President Donald Trump departed Washington on Friday for his first visit to Asia, a 12-day swing through five countries that comes as the once unthinkable has become a palpable concern from Tokyo to Seoul to Beijing – a war with a nuclear-armed North Korea.
Trump’s escalating rhetoric and Pyongyang’s accelerating weapons programs have set the region on edge and prompted national security adviser H.R. McMaster to declare this week that the world is “running out of time” to stop the North.
“North Korea is a threat to the entire world,” McMaster told reporters at the White House.
Trump’s trip – with bilateral visits to Japan, South Korea and China and stops at regional summits in Vietnam and the Philippines – could go a long way toward determining the success of his administration’s policy. Aides said they are committed to applying “maximum pressure”on Pyongyang to head off its nuclear threat and resolve the situation peacefully.
Senior White House aides said Trump’s top priority on the longest overseas trip of any president since George H.W. Bush in 1991 will be to build on the initial success his administration has had in rallying international support for isolating North Korea. Responding to pressure from the United States, the United Nations Security Council approved two rounds of stiffer economic sanctions and a growing number of countries have severed diplomatic ties with Pyongyang and banished North Korean guest workers.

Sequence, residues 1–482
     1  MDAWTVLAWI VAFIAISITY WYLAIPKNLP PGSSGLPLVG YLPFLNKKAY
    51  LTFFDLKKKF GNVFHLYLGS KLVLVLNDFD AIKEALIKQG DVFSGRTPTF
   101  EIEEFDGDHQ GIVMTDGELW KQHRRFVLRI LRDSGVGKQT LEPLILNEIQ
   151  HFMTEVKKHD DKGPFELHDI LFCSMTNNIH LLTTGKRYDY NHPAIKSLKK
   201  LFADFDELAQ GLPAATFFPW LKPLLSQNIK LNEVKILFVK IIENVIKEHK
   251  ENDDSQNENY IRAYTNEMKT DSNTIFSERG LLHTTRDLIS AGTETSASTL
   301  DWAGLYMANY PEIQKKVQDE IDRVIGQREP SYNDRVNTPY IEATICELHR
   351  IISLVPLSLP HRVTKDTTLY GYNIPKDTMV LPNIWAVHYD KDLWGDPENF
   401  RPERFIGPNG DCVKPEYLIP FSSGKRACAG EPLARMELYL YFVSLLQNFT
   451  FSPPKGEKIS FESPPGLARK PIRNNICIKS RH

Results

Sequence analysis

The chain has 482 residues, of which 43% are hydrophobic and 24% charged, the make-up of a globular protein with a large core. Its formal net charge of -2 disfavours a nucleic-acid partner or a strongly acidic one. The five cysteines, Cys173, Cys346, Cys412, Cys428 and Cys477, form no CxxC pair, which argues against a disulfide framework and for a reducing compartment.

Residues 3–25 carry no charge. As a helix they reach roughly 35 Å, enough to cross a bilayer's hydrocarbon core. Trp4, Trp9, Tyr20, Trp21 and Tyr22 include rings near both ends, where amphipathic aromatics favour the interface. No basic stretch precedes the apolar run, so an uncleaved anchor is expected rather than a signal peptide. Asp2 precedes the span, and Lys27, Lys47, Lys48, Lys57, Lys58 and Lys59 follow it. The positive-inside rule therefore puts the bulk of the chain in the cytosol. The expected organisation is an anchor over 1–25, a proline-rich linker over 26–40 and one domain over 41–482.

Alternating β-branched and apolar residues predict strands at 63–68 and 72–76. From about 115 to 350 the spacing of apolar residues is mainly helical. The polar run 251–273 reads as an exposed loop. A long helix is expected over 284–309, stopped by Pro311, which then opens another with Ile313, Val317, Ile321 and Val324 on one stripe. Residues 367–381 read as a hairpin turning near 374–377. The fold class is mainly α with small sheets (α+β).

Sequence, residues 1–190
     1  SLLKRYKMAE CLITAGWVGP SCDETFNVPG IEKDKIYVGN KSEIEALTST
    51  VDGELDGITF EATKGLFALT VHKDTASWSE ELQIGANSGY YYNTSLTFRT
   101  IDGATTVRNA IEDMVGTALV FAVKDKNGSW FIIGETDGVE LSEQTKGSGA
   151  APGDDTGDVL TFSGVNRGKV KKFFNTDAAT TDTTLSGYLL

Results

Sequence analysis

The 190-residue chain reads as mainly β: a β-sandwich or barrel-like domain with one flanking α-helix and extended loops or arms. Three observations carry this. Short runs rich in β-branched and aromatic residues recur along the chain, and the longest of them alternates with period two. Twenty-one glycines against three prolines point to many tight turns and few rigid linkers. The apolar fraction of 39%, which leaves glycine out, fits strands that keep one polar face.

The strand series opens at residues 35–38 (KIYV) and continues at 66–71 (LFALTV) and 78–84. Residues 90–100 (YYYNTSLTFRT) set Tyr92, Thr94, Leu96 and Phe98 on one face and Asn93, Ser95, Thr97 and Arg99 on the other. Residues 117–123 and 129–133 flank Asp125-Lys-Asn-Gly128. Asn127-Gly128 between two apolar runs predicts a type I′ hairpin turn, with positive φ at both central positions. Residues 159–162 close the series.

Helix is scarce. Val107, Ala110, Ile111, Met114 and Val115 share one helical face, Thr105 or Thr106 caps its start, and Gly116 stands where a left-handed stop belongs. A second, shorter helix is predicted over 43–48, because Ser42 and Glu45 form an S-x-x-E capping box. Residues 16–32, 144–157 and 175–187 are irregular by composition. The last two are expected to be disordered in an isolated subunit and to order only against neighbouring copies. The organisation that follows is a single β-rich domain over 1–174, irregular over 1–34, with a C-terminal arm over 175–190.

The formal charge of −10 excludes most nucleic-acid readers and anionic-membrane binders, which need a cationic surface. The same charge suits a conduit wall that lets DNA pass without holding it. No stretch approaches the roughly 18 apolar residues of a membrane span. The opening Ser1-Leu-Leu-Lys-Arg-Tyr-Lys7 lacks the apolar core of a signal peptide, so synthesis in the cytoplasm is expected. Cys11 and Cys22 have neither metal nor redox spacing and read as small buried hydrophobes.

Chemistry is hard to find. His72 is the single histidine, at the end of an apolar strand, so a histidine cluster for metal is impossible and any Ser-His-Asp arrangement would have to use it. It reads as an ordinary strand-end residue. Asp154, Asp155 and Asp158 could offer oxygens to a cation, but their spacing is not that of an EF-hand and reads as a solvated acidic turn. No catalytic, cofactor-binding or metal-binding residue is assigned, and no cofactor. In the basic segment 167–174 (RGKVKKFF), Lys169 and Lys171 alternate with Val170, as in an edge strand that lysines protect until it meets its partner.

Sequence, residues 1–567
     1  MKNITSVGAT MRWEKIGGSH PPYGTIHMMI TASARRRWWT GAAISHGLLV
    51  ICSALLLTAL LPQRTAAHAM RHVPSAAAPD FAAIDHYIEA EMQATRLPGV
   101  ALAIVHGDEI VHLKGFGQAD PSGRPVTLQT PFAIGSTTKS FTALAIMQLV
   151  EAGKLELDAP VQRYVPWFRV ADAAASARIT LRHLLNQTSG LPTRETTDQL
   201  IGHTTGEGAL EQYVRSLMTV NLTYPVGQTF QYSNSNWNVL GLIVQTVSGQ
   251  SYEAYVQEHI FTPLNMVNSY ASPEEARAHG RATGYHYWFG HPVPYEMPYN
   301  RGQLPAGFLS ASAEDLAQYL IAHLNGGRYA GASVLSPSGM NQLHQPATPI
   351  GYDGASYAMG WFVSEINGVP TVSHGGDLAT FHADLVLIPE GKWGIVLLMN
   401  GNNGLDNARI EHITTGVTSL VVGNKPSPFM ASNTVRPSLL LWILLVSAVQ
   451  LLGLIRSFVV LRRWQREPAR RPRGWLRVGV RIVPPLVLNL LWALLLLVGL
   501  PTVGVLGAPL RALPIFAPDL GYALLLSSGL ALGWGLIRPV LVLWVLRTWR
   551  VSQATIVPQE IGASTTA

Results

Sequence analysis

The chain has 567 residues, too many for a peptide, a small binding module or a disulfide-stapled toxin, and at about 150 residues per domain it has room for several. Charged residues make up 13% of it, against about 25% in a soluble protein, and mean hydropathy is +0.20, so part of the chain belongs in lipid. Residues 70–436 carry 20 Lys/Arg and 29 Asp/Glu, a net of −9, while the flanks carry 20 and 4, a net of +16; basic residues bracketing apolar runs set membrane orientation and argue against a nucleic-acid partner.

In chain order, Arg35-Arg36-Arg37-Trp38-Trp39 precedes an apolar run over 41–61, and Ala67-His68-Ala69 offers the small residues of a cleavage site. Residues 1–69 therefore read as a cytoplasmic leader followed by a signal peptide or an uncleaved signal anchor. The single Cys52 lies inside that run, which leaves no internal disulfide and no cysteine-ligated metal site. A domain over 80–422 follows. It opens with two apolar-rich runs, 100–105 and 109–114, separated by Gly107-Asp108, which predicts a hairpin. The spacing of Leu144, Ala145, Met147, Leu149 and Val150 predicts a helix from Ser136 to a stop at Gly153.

But beyond the sanctions and the silent treatment looms the very real prospect that none of these tactics – employed to varying degrees by previous administrations – will convince North Korean dictator Kim Jong Un to veer from his pursuit of a nuclear weapon that can reliably reach the U.S. mainland – a goal analysts said would sharply tilt the leverage in his favor in any future negotiations.
(c) 2017, The Washington Post · David Nakamura, Adam Taylor